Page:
The rich history of Lakeland’s railroad industry

Lakeland rail yard circa 1890

Lakeland resident M. Theodore Anderson + at the Lakeland rail yard circa 1890. | Photograph via Florida Memory

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You may have heard about Lakeland’s original rival town, Acton, + the mysterious fire that claimed its rail depot, but did you know that shortly after that, Lakeland became a railroad hotspot in central FL?

By the 1890s, just 5 years after the town’s incorporation, the Lakeland Subdivision saw around 25 trains passing through the depot per day. While other towns popped up and faded with the rising + setting sun, Lakeland’s active rail yards kept it on the map.

By 1893, the city of Lakeland’s Munn Park area + surrounding rail yards had become a well-known + integral area for Florida’s shipping industry.

Photo of Kentucky Ave from the 1880s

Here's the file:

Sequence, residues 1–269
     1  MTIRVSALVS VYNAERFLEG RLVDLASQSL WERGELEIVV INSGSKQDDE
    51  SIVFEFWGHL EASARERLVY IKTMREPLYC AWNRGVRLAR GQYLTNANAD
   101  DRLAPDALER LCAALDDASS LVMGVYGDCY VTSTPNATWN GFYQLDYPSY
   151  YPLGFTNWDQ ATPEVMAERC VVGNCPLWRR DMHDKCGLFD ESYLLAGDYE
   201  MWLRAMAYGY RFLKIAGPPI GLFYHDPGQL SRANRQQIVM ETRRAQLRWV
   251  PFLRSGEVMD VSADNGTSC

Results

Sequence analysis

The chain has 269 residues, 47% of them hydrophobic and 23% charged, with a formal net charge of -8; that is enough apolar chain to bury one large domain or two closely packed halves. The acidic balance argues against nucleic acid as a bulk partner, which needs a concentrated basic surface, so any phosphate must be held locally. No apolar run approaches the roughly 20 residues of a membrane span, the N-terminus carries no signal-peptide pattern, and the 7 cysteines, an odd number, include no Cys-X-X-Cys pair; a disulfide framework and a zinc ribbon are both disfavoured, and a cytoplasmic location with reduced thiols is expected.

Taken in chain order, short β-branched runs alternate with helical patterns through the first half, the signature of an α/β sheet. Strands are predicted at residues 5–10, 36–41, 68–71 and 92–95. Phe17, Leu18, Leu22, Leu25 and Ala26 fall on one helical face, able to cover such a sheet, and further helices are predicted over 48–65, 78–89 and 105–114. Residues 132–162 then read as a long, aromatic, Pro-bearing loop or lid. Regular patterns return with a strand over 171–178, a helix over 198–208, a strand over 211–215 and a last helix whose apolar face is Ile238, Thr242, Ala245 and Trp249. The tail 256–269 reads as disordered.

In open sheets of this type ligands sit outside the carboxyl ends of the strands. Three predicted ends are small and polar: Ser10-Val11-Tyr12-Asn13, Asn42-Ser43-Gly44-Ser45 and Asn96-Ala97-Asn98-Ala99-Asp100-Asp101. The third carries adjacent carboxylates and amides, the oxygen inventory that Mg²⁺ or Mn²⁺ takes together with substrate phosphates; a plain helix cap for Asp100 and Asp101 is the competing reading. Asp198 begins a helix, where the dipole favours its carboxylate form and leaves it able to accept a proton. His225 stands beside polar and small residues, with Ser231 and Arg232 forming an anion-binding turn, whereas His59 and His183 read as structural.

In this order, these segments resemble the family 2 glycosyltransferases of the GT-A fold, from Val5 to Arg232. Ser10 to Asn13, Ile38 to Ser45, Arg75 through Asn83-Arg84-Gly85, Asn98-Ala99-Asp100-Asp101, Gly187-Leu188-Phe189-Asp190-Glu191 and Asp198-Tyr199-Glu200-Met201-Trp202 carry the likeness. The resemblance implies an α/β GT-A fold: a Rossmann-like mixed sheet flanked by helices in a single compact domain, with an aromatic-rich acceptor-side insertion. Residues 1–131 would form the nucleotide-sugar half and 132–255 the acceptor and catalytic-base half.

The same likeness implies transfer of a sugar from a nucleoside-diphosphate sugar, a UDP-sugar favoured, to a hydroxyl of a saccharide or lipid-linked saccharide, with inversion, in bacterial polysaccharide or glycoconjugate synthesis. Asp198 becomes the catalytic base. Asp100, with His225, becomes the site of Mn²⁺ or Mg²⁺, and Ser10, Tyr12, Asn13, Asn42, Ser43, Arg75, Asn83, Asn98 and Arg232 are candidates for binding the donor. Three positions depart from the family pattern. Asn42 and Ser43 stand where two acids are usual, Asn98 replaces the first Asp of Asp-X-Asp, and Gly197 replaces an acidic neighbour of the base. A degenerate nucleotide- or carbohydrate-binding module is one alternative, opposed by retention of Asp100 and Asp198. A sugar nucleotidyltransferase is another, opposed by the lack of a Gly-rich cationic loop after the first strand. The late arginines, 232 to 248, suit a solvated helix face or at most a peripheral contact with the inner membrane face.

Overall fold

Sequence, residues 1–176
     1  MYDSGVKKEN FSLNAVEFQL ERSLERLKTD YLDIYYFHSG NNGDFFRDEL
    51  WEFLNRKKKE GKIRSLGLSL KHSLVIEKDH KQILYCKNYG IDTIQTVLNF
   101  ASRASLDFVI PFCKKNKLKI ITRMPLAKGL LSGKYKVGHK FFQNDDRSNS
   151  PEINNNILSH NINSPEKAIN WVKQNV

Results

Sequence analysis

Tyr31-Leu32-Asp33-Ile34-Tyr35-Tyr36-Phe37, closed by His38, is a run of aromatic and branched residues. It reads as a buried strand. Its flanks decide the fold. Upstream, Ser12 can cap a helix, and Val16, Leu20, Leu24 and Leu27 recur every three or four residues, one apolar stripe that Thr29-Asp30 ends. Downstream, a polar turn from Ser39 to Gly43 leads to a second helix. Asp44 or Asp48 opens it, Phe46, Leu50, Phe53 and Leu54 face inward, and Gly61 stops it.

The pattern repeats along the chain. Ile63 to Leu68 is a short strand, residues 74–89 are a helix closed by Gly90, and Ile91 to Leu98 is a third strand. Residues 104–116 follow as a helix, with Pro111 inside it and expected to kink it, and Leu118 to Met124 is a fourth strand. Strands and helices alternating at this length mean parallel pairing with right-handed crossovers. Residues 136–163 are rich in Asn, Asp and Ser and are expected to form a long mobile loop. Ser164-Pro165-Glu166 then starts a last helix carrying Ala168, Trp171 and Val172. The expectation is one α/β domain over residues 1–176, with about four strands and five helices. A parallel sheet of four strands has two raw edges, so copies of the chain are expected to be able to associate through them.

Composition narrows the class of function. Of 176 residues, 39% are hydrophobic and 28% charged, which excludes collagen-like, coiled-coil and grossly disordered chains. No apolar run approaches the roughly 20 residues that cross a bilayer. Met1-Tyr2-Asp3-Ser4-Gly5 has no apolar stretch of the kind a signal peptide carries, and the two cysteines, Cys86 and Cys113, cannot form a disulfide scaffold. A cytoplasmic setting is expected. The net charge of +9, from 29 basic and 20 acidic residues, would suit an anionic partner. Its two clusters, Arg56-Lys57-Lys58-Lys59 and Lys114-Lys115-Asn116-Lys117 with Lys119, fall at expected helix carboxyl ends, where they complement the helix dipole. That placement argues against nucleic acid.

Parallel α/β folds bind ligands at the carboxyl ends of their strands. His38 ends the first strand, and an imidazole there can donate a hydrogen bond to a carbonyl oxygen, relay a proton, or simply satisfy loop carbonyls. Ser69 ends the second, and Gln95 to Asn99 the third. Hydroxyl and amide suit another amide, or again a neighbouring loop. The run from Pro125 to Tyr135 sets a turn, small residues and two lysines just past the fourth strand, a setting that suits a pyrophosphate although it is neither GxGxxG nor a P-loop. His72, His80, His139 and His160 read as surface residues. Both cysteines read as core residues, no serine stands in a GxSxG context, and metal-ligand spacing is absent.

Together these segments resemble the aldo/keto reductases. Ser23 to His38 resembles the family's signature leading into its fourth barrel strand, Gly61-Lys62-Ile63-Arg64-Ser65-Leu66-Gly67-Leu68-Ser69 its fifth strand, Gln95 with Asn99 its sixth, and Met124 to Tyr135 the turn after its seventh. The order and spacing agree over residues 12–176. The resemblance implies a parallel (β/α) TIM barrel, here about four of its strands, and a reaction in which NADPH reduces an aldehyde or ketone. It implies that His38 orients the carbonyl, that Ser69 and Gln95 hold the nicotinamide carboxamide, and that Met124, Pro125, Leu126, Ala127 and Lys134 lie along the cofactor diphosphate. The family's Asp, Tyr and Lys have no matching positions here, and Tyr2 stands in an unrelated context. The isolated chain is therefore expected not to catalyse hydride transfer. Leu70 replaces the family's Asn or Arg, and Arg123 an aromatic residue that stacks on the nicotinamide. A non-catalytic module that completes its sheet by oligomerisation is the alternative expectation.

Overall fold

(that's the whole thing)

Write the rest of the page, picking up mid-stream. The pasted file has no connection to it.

Look familiar? That’s Kentucky Ave. seen from the railroad back in the 1880s. | Photo via Florida Memory

One key component of this vibrant industry was the Winston + Bone Valley Railroad, which was, between 1910-1950, responsible for roughly 50% of the phosphate tonnage shipped in Florida.

While our railroad culture has dwindled over the years, the railroad industry is a core component of Lakeland’s history. Since its induction, the Lakeland Subdivision was taken over by the Atlantic Coast Line Railroad in 1902, which eventually merged with CSX Transportation in 1986.

If you’re looking to travel by train, you have limited opportunities to ride the rails each day. Lakeland’s Amtrak station, which reduced the frequency of their service to Lakeland back in 2020, is the only commercial train station in the city.

Know a little-known Lakeland locomotive fact? We’d love for you to share it with us.

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